Known for her detailed focus on the India diaspora through her work, Jhumpa Lahiri has become one of the most prolific Indo-American writers who harkens back to their predecessors. Lahiri shot to fame with a debut shot story collection, Interpreter of Maladies in 2000 that won her the Pulitzer Prize in the fiction category. The book dealt with sensitive dilemmas in the lives of Indians or Indian immigrants, with themes such as marital difficulties, miscarriages, and the disconnection between first and second generation United States immigrants. In 2013, she released The Lowland that got shortlisted for that year’s 2013 Man Booker Prize. Set in the backdrop of Calcutta, the book narrated the story of two brothers who came of age in the 50s or 60s; where one flies off to the United States and the other gets involved in the Naxalite movement of the late 60s. The book narrates their life and the consequences of each of their choices. Through her works, she is constantly focusing on the fixed categories of nationality and culture, which are persistently subverted and revealed to be fluid, opaque concepts. She aptly highlights the slow process of cultural assimilation for the second generation immigrants in a manner that few writers are able to do. Her plain, yet deep language and Indian characters is what distinguishes her writing from others.
Born in Calcutta, Vikram Seth, shot to fame with his second novel, “A Suitable Boy” that had over 1,300 pages containing over 591,000 words – set in a fictitious province called Purva Pradesh in India; A Suitable Boy was the longest novel in English ever written. A reticent man, Seth prefers to talk only when he has a book in the works. Seth is known to dabble in poetry, painting, sculpting and of course, writing prose. He is known for his scattered use of Hindi and Urdu words in his prose that often seems quaint to readers who are not familiar with the language. His writing style annunciates audacity where he’s not afraid to play with words and toy with vocabulary. A great example of this could be his second novel “A Suitable Boy” where has used some interesting metaphors. He uses the language to clarify and describe the characters. Written in the omniscient mode, there is no narrator in the book that allows him to put in excellent descriptions of objects and the landscape, sometimes in clever phrases. In fact, it is this omniscient approach that allows both, Seth and reader to look deeper into the private lives of the characters without the need for any particular consciousness. Post “A Suitable Boy,” he wrote An Equal Music, which takes a rather conventional approach and renders it compelling and novel through the seductive clarity and precision of its prose. He’s an indian author famous for expansive, ‘unrestrained’ works of fiction, who could also write with the formal and verbal restraint, economy and discipline of Seth-the-poet. Currently, Seth is working on “A Suitable Girl“, which is said to be the sequel of “A Suitable Boy.“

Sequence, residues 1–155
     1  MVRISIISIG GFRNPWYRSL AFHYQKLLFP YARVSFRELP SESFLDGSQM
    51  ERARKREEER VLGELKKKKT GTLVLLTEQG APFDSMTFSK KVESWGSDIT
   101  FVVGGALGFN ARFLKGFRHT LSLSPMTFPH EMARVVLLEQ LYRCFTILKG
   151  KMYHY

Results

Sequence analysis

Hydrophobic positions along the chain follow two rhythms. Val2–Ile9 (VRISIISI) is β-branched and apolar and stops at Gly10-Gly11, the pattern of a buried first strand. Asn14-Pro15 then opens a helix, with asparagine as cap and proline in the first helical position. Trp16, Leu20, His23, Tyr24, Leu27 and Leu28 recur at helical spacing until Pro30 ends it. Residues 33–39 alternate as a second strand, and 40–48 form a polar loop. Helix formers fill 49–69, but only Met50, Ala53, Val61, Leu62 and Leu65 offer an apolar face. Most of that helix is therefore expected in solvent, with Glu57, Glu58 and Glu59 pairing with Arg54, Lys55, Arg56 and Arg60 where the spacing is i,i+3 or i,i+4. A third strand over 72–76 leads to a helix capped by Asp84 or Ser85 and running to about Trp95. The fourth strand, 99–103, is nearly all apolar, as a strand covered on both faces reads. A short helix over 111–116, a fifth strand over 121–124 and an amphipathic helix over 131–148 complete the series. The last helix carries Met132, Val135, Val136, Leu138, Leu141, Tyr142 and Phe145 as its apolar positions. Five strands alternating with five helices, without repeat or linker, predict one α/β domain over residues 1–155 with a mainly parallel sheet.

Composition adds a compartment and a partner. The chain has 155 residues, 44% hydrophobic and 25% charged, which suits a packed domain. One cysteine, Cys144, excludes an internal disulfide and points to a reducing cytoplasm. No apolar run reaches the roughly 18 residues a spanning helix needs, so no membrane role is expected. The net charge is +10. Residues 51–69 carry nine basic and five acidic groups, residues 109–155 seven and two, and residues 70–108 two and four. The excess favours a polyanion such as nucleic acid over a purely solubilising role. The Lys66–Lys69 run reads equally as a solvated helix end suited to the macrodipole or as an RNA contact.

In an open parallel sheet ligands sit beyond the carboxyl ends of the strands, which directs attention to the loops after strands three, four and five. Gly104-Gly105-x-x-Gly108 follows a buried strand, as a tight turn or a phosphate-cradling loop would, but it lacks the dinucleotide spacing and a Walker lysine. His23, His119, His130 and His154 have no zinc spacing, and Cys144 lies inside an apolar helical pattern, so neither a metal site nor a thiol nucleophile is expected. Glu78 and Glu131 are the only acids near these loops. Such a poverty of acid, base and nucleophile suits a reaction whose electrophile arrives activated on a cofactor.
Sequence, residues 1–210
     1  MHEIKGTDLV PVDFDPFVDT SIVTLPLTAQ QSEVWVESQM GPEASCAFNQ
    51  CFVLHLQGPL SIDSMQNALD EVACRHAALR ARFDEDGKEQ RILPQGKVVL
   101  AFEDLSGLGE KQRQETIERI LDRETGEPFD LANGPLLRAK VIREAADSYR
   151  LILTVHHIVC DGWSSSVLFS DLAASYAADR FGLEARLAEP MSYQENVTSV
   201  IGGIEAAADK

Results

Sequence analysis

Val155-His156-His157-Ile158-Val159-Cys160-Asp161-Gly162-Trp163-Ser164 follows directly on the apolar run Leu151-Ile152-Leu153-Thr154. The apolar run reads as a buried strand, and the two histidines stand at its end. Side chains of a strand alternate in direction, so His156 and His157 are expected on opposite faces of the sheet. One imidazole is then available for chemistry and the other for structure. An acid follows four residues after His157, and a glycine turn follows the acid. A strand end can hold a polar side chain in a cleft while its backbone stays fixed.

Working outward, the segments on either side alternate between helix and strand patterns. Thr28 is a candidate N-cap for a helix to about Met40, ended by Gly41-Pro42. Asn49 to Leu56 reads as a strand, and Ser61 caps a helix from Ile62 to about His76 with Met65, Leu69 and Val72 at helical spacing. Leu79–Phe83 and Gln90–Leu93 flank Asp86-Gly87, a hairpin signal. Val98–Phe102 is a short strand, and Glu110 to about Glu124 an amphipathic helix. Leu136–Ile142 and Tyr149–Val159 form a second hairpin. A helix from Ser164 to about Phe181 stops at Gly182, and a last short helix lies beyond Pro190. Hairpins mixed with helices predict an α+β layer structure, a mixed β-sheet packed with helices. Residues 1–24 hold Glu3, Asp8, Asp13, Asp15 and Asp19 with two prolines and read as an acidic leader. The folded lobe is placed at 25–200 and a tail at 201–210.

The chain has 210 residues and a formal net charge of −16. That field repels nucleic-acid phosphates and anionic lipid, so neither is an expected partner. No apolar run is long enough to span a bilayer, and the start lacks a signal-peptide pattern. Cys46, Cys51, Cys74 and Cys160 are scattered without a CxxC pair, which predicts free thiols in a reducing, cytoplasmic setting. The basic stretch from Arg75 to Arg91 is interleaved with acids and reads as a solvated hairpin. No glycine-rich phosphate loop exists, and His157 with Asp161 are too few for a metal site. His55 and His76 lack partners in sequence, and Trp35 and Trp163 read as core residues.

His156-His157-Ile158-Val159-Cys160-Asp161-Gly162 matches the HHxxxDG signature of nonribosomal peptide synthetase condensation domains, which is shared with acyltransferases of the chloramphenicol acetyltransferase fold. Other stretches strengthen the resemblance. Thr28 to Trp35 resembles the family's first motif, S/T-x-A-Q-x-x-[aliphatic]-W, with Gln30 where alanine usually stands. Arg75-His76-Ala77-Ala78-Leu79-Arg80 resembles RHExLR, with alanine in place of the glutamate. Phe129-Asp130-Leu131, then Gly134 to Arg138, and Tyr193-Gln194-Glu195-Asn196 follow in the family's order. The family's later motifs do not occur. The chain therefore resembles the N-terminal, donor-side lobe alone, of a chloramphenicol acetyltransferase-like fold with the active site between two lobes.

A slightly above average height, a shock of white hair and a benign smile – Amitav Ghosh, is the author extraordinaire of The Circle of Reason, The Shadow Lines, The Glass Palace, Calcutta Chromosome, The Hungry Tide, Sea of Poppies and River of Smoke. As an Indian author, he draws heavily upon the character, traditions and dichotomies of his native land, yet one can easily make out that his protagonists and themes often extend beyond the sub-continent’s actual boundaries. His works expose the cross-cultural ties between India and Great Britain as well as with its kindred neighbours. In his book The Shadow Lines, Ghosh juxtaposes the lives of two different yet intertwined families—one Indian and one English—to question the boundaries between their cultural and geographical settings. The title alludes to the blurring of the lines between nations and families, as well as the blurred lines within one’s own self-identity. He depicts the characters of the novel as caught between two worlds, and the struggle to come to terms with both, their present lives as well as their past forms the core of the narrative. The generic heterogeneity or discursive inventiveness in his work enables him to retain sensitivity to various kinds of discourses, voices and agents, while narrating into existence unforeseen connections between them. Today, he is hailed as one of the new generation cosmopolitan Indian intellectuals writers in English. Currently, he is working on his upcoming book, Flood of Fire.
So, do these authors feature in your library? Do you agree with our list? Do let us know.
Written By : ROUNAK GUHAROY